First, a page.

Why are we now, all of a sudden, refighting an old battle that was long settled? Didn't we painstakingly define and lock into place years ago how we differed from the mainland? That's what made it possible for capitalist Hong Kong to be reunited with communist China. Yet here we are, squabbling again over how to balance "one country" with "two systems".
A few so-called Beijing loyalists engaged in loose talk that seemed to suggest we reset the parameters. Is that reason enough for Hongkongers to conclude our freedoms are under threat? I don't know. But nothing good can come of the divisive public debate we're having over it. It's a chicken-and-egg question to ask which comes first - one country or two systems. Neither has extra weight under the terms of the sovereignty transfer. It's a fine balancing act.
That balancing act was given a life of 50 years, after which it becomes just one country. We have already used up 15 of those years. Over the next 35, Hongkongers must mentally and emotionally accept the reality of just one country. Should we make an early start, or do we still have time? Patriots would argue the sooner the better, but those who fear for Hong Kong's freedoms would insist there's no rush.
Yes, there's no rush, but starting early also makes sense. It gives us more time to adjust to the inevitable. What we don't need now are irresponsible remarks which give the impression that Beijing wants to change the balance of "one country, two systems". We've seen too much of that lately from Beijing loyalists. How can you blame the average Hongkonger for fearing that something is afoot?
Before people such as former justice secretary Elsie Leung Oi-see say things that seem to suggest we should quicken our pace towards "one country", she should remember the politically sensitive times we are now in. Hong Kong has just emerged from an emotionally draining debate about national education, which many feared was aimed at brainwashing our children. Surely, now is not the time for Beijing loyalists to talk about changing the legal system, getting rid of foreign judges and making judges include a political element in their rulings?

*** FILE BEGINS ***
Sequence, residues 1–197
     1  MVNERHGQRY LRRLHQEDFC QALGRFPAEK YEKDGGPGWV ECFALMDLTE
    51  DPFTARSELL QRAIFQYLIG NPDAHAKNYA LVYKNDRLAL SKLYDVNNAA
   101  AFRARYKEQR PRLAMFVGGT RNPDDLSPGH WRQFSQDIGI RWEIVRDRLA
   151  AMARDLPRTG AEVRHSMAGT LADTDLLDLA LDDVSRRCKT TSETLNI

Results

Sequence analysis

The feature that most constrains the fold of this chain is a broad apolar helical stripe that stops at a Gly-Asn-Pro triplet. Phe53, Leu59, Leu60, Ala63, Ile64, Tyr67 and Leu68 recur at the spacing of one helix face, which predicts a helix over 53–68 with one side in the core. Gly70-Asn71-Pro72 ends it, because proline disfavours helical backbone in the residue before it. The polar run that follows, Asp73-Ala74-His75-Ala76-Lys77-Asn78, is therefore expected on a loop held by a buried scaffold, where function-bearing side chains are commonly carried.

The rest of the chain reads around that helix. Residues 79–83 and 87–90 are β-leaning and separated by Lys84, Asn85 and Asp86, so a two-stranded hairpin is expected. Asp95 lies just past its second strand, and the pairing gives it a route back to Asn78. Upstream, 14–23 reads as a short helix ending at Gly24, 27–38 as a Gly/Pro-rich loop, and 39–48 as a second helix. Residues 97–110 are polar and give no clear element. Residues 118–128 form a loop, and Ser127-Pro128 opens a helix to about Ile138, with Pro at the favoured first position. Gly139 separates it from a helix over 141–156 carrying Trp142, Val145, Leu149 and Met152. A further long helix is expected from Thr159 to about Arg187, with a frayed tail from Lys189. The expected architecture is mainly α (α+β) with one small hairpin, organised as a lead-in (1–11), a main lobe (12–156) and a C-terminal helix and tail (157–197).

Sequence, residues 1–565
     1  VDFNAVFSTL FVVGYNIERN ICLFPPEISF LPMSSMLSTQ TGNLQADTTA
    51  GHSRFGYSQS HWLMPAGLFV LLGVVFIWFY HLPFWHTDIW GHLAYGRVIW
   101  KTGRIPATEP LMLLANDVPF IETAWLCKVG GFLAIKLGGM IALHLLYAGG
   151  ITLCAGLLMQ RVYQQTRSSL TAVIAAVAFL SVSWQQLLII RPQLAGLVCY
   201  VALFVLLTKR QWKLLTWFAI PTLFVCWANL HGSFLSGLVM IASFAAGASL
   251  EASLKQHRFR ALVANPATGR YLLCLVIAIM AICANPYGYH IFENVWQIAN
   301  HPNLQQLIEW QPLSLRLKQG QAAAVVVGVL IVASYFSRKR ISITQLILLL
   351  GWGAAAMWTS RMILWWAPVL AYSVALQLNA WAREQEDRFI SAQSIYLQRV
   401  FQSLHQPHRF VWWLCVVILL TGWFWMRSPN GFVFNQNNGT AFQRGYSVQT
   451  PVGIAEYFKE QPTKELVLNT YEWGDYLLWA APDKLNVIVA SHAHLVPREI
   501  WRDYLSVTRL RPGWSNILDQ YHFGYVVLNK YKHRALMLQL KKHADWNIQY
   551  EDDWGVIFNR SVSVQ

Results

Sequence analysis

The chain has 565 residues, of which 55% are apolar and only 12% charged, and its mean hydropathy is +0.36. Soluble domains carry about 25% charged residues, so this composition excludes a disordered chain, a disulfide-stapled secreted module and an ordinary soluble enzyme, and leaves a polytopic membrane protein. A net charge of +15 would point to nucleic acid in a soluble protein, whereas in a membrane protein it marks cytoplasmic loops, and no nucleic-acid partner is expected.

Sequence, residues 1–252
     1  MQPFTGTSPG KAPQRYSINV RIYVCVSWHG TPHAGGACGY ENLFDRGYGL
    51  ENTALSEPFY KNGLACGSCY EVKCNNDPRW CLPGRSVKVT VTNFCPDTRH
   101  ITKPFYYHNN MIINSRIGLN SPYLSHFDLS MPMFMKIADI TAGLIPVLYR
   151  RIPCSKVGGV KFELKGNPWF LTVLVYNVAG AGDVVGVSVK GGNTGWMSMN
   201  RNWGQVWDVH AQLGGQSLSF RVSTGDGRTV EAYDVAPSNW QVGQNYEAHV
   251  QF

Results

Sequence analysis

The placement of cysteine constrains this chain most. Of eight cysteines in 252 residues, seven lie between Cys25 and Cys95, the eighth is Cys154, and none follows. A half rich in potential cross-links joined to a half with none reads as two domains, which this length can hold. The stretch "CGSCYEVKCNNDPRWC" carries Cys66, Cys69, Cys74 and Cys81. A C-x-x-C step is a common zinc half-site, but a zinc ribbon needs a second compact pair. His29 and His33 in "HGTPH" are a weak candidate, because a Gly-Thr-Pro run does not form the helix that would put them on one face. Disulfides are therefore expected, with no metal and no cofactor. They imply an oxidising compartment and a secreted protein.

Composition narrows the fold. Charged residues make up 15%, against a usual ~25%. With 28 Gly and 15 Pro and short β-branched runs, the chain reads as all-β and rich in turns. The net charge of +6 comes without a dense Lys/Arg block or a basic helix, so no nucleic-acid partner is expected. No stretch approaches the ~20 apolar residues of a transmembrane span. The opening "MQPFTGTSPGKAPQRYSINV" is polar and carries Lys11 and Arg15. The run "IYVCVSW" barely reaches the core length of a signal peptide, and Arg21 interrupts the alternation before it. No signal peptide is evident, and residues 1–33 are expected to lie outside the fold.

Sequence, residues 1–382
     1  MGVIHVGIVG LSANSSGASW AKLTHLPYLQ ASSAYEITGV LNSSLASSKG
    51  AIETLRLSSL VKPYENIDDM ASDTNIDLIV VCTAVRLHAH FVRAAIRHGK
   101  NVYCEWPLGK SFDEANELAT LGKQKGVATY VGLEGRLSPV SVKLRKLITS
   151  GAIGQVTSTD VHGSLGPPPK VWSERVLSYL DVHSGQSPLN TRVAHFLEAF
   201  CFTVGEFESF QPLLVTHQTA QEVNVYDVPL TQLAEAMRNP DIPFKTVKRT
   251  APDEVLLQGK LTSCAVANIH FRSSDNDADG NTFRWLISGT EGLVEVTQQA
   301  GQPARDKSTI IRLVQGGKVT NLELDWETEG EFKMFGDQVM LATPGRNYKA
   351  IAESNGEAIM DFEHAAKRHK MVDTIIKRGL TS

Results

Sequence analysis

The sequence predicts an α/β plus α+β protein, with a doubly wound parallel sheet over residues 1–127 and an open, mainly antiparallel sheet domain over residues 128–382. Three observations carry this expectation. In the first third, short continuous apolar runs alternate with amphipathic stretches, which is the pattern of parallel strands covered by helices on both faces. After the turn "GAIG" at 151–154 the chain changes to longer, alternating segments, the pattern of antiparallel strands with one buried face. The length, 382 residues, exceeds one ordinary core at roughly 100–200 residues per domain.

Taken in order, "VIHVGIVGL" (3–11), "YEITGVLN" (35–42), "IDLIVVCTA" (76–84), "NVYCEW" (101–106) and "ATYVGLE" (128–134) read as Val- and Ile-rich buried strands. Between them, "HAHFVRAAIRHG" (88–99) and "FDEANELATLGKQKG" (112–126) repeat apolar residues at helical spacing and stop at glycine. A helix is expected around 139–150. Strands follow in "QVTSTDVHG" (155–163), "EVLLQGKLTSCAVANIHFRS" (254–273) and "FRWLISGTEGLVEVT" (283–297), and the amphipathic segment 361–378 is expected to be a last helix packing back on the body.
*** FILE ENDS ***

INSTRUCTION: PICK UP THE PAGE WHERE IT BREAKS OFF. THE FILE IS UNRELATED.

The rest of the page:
What really astounded me was Shiu Sin-por essentially saying the government's Central Policy Unit, which he now heads, will become a propaganda tool of the administration to influence public opinion. Has he already forgotten, or did he not learn, the painful lesson of the national education debate, which made clear Hongkongers will fight any attempt at brainwashing? The CPU was created at taxpayers' expense to honestly and independently gauge public opinion about government policies. It was not meant as a tool to tamper with public opinion.
Leung Chun-ying's election as chief executive has already aroused suspicion that, as a loyalist, he is under orders from Beijing to fulfil certain political missions that will erode our way of life. How true that is I don't know. As yet, I don't see an imminent threat to "one country, two systems". The jitters generated by recent foolhardy remarks may be just the growing pains of the inevitability of one country. But the loyalists need to think before they speak.
Michael Chugani is a columnist and TV show host. firstname.lastname@example.org